Tag Archive: Mussar
A little over a month ago I wrote about a reported meeting between Chief Rabbi Lau and Lakers legend, Kareem Abdul-Jabbar. This post went viral and was even cited in this article on ESPN.com. I have received emails from many readers around the globe who have responded to this story. One reader in particular shared the following story with me and was even so kind as to photocopy the following story that appears in a sefer entitled Birkas Abba Yaakov. This sefer was released in tribute to Rabbi Abba Yaakov Liff zt”l and shares many stories and vignettes about his life and passion for all things Torah. While he passed away now over 23 years ago, he will forever be remembered as one of the original students of Ner Israel Rabbinical College as well as the name behind the Yeshiva known as: Ner Yaakov.
On page 50 footnote 37 Birkas Abba Yaakov documents that the Rabbi was ill for several years before succumbing to his illness. On one occasion, the Rabbi had to fly to Cleveland to have an operation. And so, he took not one but two cases of seforim which were with him the entire stay. On his return flight back to Baltimore, passengers were up in arms that there was a famous basketball star on the airplane by the name of none other than Kareem Abdul-Jabaar! This name didn’t really register to Rabbi Liff until he returned home with all the suitcases and the two cartons of seforim; instead, there was a television and other electronics that belonged to none other than Kareem! The Rabbi quickly surmised that the airline must have mixed up the box with the seforim and this box (this was clearly in the days prior to the TSA!).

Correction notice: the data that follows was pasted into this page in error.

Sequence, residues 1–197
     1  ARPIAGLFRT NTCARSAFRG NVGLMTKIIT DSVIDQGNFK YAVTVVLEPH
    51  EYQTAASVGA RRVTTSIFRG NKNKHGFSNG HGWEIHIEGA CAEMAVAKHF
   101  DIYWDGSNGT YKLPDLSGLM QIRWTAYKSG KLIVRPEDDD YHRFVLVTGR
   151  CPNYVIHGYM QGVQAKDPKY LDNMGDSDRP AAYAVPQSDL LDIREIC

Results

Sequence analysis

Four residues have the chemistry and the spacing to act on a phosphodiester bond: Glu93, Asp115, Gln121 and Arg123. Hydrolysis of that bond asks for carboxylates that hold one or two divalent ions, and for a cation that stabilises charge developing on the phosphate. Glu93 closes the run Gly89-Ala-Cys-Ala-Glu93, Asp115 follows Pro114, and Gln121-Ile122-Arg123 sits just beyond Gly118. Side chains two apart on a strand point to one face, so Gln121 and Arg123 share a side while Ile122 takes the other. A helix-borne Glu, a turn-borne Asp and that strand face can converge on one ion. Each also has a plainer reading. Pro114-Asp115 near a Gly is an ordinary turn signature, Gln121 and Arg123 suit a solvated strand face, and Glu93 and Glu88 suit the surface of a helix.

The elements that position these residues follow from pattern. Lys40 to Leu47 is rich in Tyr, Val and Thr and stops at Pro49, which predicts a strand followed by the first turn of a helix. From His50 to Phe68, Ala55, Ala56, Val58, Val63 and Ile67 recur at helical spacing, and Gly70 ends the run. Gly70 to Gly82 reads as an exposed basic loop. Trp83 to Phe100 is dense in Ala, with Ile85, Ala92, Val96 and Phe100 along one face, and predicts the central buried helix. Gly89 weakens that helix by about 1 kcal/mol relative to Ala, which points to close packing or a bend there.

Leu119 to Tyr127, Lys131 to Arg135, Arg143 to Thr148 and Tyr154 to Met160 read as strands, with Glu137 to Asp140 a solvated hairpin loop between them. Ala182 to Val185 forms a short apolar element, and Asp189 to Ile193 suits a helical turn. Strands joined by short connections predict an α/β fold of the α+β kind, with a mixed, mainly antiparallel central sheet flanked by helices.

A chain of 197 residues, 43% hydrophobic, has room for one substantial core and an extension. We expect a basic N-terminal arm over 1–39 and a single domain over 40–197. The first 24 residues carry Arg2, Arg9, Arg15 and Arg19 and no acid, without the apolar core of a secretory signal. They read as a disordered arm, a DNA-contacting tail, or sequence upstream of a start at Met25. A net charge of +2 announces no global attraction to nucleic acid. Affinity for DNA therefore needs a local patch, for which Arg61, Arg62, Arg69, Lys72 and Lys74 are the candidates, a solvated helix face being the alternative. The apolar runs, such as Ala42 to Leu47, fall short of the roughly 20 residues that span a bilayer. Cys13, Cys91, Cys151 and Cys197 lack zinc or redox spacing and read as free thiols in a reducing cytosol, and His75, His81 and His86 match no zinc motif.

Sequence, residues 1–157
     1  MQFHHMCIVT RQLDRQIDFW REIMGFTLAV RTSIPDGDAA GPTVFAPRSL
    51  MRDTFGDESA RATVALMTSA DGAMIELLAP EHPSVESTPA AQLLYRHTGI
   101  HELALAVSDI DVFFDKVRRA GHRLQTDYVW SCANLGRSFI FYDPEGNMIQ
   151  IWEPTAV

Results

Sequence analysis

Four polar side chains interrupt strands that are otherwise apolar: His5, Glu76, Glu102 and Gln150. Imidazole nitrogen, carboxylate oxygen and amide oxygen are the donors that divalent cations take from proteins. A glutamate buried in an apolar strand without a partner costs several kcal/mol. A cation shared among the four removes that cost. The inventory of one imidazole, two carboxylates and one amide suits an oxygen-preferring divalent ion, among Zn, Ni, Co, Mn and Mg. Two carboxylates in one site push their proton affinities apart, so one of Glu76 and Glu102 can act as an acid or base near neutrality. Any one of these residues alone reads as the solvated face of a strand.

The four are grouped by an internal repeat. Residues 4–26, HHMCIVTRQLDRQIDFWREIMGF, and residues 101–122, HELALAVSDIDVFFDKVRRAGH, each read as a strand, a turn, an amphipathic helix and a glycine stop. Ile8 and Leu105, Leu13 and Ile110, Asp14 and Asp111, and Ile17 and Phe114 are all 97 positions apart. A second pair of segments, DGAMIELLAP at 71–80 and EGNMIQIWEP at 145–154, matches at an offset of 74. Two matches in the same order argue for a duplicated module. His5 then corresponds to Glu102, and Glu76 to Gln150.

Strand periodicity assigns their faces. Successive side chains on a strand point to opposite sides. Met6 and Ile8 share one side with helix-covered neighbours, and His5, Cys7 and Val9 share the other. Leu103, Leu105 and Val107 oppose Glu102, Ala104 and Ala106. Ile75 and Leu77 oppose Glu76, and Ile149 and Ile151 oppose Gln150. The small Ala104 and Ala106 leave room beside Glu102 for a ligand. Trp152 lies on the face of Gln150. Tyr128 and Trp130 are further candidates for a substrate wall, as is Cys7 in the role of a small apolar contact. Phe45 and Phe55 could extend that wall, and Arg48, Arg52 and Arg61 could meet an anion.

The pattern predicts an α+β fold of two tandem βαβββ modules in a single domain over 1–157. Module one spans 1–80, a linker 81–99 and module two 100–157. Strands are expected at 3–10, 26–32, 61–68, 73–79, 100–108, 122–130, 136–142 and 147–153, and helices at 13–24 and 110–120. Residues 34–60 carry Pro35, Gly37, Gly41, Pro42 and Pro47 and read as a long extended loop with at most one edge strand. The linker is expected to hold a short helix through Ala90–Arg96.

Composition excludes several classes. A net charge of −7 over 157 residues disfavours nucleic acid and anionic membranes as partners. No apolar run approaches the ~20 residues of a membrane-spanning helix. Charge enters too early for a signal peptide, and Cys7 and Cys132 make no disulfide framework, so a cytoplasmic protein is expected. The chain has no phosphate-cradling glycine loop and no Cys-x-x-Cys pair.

Indeed, when Rabbi Liff called the airline to alert them to the mix up he was told that Mr. Jabaar had already called requesting his electronics, but he denied that he had seen the seforim . In the interest of being the upstanding citizen that he was, Rabbi Liff sent him the box with the electronics but was visibly shaken by the loss of some of his favorite seforim.
A number of days passed and out of the blue an unaffiliated Jew called Rabbi Liff from of all places Washington. He told the Rabbi that he had found seforim with Rabbi Liff’s name and address inscribed in them in the middle of the highway between Baltimore and Washington! Rabbi Liff could only assume that the young basketball star threw the box out of his car window when he realized that it didn’t contain his electronics. Regardless of who actually treated his holy seforim this way, Rabbi Liff remarked then and there that whoever defiled his seforim in such a manner deserved to be cursed for having them be literally strewn onto the highway. After all, if not for a good Samaritan who happened to read some Hebrew—they would have been lost forever!
Within a few days, Kareem Abdul-Jabaar broke his right hand while playing a basketball game. It was such a hard hit that it broke the backboard as well as his hand. Reports of his injury were all over the media, and it took him months to recover. However, Rabbi Liff believed that the reason why his hand in particular was punished with this career altering injury was because it was this very hand that carelessly disgraced the Torah by throwing out the seforim of Rabbi Liff.